6. With the left hand, drop the tip of the bow down without moving the right hand until the bow touches the pinkie. Feel the pivot in the right hand.
  7. You can also try this with a pencil.
"Telescope II"
Right Hand

This exercise is to teach the pivot between the thumb and middle finger.

  1. Hold bow with left hand on the stick parallel to the ground.
  2. Look through the telescope (circle using middle finger and thumb).
  3. Put middle finger on metal piece and thumb in nook.
  4. Hold 1st and 4th fingers out.
  5. Keeping the bow parallel to the ground, raise the elbow and pronate hand until index finger touches stick. Feel the pivot in the right hand.
  6. Keeping the bow parallel to the ground, lower the elbow and supinate hand until index finger touches stick. Feel the pivot in the right hand.
  7. You can also try this with a pencil.
"Free Fall"
Right Hand, French Hold

This exercise is to teach the pivot between the thumb and middle finger. Caution: Only do this on a carpeted surface or if you have a fiber glass or carbon fiber bow!

  1. Face palm to ceiling while holding bow.
  2. Allow stick of bow to rest on index finger.
  3. Release 2nd through 4th fingers from bow (this is the pronated position).
  4. Gradually turn hand over so palm faces ceiling.
  5. Allow bow to "free fall" while it pivots between thumb and middle finger.
  6. Catch with pinkie.
"Bow Clicks"

This teaches how to use the pronating action of the forearm and hand, through the index finger, to create articulations.

  1. Review "Princess Wave" and "Look Through the Telescope", "Telescope", "Telescope II", and "Free Fall".
  2. Hold the bow on the string at the middle point without any weight or pressure.
  3. Push the stick into the hair and immediately let up. Try different tempos.
  4. Add slight down and up bows doing the same motion and hear the bow clicks.
"Shock Absorbers"
Right Hand (Passive Motions: Fingers: Pivot Joints: FInger Knuckles)

This exercise is to teach finger flexibility in the bow hand.

  1. Place all five fingers on your knee while sitting.
  2. Bend and straighten fingers.
  3. Hold bow and bend and straighten the fingers (this is much easier with a Foohy Gooshi Grip!).
"The Finger Tap"
Right hand

This exercise is to teach the back of the hand in the upper half of the bow to remain loose. This motion is not actually used while playing. Rather, it helps the brain to differentiate the back of the hand from the front of the hand.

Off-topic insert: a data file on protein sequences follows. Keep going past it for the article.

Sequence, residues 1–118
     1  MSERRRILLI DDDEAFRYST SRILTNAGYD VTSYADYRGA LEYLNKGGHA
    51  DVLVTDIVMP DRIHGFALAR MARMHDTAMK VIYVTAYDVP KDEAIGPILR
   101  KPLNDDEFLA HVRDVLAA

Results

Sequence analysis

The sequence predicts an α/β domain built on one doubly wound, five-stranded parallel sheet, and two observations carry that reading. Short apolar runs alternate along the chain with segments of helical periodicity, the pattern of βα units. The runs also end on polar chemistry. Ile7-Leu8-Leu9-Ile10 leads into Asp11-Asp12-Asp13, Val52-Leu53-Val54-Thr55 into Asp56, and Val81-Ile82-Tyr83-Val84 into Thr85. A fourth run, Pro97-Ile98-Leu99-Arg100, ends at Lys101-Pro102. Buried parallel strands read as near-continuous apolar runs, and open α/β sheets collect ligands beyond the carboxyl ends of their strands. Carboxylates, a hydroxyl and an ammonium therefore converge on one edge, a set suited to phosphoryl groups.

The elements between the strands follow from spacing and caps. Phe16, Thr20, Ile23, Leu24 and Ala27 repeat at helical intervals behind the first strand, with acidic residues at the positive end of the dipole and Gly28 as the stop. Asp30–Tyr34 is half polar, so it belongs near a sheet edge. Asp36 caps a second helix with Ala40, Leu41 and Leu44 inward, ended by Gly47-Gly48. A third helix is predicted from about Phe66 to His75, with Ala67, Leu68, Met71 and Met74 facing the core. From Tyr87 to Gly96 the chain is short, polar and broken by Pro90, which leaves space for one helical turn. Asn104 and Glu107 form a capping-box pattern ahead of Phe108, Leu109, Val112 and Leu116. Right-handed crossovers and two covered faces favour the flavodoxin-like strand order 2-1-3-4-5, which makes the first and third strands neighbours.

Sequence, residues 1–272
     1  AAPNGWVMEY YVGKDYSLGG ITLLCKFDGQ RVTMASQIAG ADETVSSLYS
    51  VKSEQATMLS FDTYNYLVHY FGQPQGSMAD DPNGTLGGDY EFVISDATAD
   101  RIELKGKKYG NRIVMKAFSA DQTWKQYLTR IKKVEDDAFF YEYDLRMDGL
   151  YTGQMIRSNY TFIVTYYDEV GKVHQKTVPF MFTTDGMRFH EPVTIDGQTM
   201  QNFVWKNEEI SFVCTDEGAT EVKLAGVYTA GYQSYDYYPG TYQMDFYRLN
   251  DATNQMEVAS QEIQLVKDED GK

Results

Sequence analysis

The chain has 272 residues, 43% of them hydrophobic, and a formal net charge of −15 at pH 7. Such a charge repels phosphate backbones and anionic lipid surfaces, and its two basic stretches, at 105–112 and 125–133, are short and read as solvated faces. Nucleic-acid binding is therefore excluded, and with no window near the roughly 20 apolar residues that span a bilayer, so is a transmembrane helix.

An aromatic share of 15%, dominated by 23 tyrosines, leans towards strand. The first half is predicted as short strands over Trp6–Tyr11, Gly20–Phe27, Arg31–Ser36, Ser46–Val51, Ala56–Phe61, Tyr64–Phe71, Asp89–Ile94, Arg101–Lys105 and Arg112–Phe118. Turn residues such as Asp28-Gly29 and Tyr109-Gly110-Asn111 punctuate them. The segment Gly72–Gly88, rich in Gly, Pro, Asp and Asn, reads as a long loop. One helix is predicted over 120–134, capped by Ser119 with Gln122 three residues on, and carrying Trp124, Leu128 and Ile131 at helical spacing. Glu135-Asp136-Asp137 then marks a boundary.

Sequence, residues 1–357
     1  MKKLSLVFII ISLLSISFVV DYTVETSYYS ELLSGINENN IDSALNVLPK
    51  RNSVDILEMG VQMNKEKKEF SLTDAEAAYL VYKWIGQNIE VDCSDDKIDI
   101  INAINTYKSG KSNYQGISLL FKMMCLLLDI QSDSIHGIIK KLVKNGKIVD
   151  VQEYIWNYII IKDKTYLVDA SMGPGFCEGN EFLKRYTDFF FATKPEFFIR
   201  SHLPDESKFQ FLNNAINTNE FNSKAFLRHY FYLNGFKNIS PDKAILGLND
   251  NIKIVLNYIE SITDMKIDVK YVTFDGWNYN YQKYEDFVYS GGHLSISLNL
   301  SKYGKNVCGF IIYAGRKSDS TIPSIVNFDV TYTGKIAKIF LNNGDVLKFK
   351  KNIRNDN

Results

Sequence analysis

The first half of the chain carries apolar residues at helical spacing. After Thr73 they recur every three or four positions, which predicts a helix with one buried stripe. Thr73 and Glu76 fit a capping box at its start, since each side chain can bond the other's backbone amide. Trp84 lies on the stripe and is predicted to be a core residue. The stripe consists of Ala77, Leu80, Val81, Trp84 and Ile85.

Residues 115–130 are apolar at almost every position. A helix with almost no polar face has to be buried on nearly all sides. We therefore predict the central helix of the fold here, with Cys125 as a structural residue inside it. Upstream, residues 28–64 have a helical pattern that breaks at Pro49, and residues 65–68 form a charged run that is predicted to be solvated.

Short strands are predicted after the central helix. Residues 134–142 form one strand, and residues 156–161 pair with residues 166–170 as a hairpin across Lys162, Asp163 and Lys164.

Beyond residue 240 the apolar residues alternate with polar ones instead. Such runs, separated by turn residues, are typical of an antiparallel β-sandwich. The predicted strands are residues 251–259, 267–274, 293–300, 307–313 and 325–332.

1. With the bow on the string, establish a pronated position in the upper half.
  2. While "pressing" or applying weight through the index finger onto the top of the bow, tap the back three fingers on the frog. Do not let up on the index finger while tapping.

Left Hand and Arm

"Soda (Pop) Can"
Left hand, First finger

This exercise is to teach the proper hand position for the 1st finger.

  1. Hold your left hand as if you are holding a soda can.
  2. Bring it up to your mouth as if you are going to take a sip. This is your position for the 1st finger.
"Spock Sign"
Left Hand

This is to acquire more flexibility between the 2nd and 3rd fingers of the left hand.

  1. Without help from other hand, separate the 2nd and 3rd fingers while keeping the 1st and 2nd touching and the 3rd and 4th touching.
"Thumb Circles"
Left hand

This action study is for teaching the student to use gravity instead of squeezing with the thumb.

  1. Place any finger or combination of fingers down on the finger board. Use arm weight to push the strings down. Now make thumb "circles" without touching the neck.
"Don't Crush the Paper!"
Left hand

This exercise is to teach the students to maintain as much as possible an open C in the left hand.

  1. Roll up a piece of paper length-wise.
  2. Make a soda pop hand.
  3. Place all four fingers on the D string.
  4. Place the rolled up piece of paper in the open C space of the left hand. Hold it in place or tape it to the side of the neck while the student plays. Don't crush the paper!!
"Robot Wave" and "Robot Goes for a Drive"
Left Arm (Active Motion: Upper Arm; Pivot Joint: Shoulder)

The forearm wave is to teach the swivel motion in the upper arm necessary for vibrato. See vibrato for beginners for more information.